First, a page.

Mongolia has maintained and improved bilateral relations since it first established diplomatic relations with the Democratic People”s Republic of Korea in 1948.
The first state level visit from Mongolia to the Democratic People”s Republic of Korea was made by Mongolian political leader Yumjaa Tsedenbal in 1956. Since then the state level visits were followed by the head of state of Mongolia Jamba Batmunkh in 1986, Prime Minister of Mongolia R.Amarjargal in 1999, Prime Minister of Mongolia, N.Enkhbayar in 2003, President of Mongolia N.Bagabandi in 2004. The leader of the Democratic People”s Republic of Korea, Kim Il Sung, visited Mongolia first in 1956 and later in 1988.
At the foreign ministry level, visits were conducted from Mongolian by the Minister of Foreign Affairs of Mongolia, L.Rinchin in 1974, Ts.Gombosuren in 1989, Sh.Altangerel in 1999 and L.Erdenechuluun in 2003 to the Democratic People”s Republic of Korea. From the North Korean side, DPRK Foreign Minister Heo Dam visited Mongolia in 1973 then former DPRK Foreign Minister, current president of the Presidium of the Supreme People”s Assembly, Kim Yong-nam visited Mongolia in 1985 and 1988.
The DPRK has embassies or consulates in very few countries. One of these few Embassies is in Ulaanbaatar, Mongolia. The DPRK Embassy was established back in 1951 but was closed in 1999. It re-opened in 2004.
Over the six decades of good diplomatic relations between Mongolia and the DPRK bilateral cooperation has been developed in many fields. Mongolia has always been the country to lend a helping hand to the DPRK when the country went through struggling times.
During and after the Korean war between 1950-1953 a big campaign to help the people of DPRK was launched in Mongolia. The Mongolian people collected and delivered 43,924 horses, 9,094 cows, 173,270 sheep and goats, a total of 226,236 livestock to DPRK along with 7,320 tons of food aid, meat and warm clothing, 129,000 pair of shoes and 5,000 tons of wheat. Mongolia took in 200 orphans who were raised with the help of eight Korean teachers and studied in Universities in Mongolia between1952-1959. The free aid for DPRK did not end there. Mongolia delivered 1000 tons of wheat to the DPRK to help the people recover from heavy flooding in 1967.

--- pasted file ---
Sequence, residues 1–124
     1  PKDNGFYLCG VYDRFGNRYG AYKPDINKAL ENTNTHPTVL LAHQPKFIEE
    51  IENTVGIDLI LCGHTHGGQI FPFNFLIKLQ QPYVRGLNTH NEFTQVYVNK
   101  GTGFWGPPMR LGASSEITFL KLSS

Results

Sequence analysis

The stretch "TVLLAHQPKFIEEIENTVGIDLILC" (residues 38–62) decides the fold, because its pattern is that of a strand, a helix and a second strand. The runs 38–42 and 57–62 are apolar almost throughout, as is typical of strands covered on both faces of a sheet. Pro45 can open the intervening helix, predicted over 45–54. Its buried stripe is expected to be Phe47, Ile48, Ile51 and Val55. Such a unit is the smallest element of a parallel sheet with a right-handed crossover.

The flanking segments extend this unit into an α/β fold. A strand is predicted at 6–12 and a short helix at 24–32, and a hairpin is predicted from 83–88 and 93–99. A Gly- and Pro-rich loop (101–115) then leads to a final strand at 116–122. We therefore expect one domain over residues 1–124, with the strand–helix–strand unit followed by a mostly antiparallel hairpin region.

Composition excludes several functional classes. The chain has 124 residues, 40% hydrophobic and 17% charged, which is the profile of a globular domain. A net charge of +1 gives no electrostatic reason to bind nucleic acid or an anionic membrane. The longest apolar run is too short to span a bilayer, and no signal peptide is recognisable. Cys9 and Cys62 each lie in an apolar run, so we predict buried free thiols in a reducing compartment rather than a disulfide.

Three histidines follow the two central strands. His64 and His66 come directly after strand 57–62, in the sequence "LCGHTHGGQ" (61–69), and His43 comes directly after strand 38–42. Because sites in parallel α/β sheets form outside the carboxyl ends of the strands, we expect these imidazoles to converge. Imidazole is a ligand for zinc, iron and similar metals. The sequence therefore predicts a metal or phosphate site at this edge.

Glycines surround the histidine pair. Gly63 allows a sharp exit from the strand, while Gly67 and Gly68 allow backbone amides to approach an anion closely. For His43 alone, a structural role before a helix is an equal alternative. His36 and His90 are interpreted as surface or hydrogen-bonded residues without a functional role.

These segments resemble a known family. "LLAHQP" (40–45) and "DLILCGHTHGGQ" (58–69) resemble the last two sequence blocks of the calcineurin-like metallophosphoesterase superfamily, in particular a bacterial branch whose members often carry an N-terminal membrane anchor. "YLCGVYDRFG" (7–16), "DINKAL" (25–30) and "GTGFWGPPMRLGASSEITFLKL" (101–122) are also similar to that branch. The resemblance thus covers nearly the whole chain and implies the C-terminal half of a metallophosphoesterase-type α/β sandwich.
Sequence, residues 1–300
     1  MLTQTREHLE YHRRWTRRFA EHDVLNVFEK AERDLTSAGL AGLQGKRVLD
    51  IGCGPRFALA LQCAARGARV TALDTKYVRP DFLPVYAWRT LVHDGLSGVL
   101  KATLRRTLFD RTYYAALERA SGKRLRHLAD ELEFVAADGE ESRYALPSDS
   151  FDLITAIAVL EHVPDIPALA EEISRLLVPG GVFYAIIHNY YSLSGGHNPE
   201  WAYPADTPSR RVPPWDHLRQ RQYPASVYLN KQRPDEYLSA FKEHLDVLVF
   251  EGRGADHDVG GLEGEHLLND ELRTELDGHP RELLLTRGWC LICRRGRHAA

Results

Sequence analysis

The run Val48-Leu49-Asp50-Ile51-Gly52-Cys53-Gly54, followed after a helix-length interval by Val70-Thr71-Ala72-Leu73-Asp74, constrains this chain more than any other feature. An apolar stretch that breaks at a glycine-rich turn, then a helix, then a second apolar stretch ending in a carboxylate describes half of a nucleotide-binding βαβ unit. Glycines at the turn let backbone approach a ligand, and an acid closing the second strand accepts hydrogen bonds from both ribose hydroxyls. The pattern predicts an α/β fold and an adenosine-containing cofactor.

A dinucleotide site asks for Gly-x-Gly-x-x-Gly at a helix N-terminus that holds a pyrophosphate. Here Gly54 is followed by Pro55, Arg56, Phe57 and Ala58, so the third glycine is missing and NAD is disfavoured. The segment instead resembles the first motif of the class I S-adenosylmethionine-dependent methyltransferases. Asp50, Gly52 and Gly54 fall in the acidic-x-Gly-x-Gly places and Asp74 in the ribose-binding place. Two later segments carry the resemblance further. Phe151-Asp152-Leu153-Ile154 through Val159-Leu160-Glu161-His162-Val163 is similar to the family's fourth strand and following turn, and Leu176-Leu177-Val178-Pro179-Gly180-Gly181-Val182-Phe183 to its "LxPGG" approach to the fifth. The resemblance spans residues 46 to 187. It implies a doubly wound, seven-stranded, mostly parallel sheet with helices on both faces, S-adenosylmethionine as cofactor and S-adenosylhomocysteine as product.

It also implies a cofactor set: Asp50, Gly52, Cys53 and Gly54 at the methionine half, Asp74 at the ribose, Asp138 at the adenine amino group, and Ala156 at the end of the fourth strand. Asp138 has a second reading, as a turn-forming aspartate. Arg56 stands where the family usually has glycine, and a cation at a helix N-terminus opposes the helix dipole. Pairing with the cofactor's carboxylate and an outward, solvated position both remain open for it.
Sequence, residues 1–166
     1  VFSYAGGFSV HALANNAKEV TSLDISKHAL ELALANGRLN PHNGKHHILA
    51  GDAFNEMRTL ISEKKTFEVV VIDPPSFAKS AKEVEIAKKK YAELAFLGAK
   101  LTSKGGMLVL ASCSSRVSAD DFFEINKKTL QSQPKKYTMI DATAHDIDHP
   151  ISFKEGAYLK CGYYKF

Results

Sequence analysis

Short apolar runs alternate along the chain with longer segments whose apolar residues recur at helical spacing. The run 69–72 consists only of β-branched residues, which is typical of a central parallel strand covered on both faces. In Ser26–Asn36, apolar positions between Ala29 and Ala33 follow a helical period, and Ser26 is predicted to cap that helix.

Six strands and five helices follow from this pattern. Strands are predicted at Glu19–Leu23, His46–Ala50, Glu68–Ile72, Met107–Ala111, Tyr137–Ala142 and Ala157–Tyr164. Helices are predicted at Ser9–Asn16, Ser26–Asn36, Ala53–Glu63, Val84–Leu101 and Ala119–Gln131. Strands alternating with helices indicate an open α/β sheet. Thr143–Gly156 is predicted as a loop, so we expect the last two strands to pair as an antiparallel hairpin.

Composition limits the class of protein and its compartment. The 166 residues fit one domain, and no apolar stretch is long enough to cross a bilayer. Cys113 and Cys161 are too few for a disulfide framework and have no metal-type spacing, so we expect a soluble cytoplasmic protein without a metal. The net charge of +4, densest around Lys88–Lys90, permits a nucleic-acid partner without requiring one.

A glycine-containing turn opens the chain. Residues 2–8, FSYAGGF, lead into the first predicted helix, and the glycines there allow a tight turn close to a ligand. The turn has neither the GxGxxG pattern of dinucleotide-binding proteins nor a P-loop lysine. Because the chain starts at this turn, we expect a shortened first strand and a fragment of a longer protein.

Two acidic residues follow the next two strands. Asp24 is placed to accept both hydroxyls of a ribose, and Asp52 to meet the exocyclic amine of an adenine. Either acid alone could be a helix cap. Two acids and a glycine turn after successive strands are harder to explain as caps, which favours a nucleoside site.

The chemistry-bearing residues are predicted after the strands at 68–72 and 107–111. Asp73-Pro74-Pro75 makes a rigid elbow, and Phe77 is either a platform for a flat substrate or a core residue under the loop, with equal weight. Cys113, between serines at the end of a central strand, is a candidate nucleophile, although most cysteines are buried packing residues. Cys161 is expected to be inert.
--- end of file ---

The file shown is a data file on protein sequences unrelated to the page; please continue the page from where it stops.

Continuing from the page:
One of the clearest memories that Mongolians still have is the kindergarten where the orphan children from North Korea were raised.
Until recently the two floored wooden house that once hosted those children was located near the Zaisan monument in Ulaanbaatar. The nurses and care-givers were still alive until recently.
Traces of the World War …
The shadow of the II World War, which was the terrible experience in human history, separated Korea into two parts. Until that time there was only one Korea. However the II World War dragged the world”s great forces into a confrontation and divided them into allies and enemies leaving the world separated into two parts of ideology. The former Soviet Union and the Allied Powers partitioned the world marking their dominance in their own spheres of influence.
Europe separated into a communist section and capitalist section dividing Germany into two.
In Asia, USA recognized its dominance in Japan and the Pacific region then made Korea into two. It was not a surprise that the two Koreans who separated into two with their very different ideology and beliefs broke into war.
The Korean War between North Korea and U.S.-backed South Korea, which lasted from 1950 to 1953, was the biggest war during the Cold War. The Cold War separated the world into two parts of ideology. The justification of the Korean war for the two countries was to seek union under one flag. Actually the war was purely an ideological war between US and the former Soviet Union along with China.
For Mongolia, it has maintained good bilateral relations and cooperation with both the DPRK and the Republic of Korea until this day. A historical moment proving that Mongolia has good relations was when Mongolia took part both the discussion for DPRK and the Republic of Korea to become members of the United Nations in 1991.
The process towards future reunification of the Democratic People”s Republic of Korea and the Republic of Korea was started by the June 15th North–South Joint Declaration in August 2000, where the two countries agreed to work towards a peaceful reunification in the future.
Geopoliticians say that North Korea has always wished to keep traditional good relations with Mongolia, which is important not only for bilateral politics and economics but also in the whole region and in the international arena. Mongolia is seen as a close partner to guide the North-eastern countries and even the key policy makers to form an understanding with the west.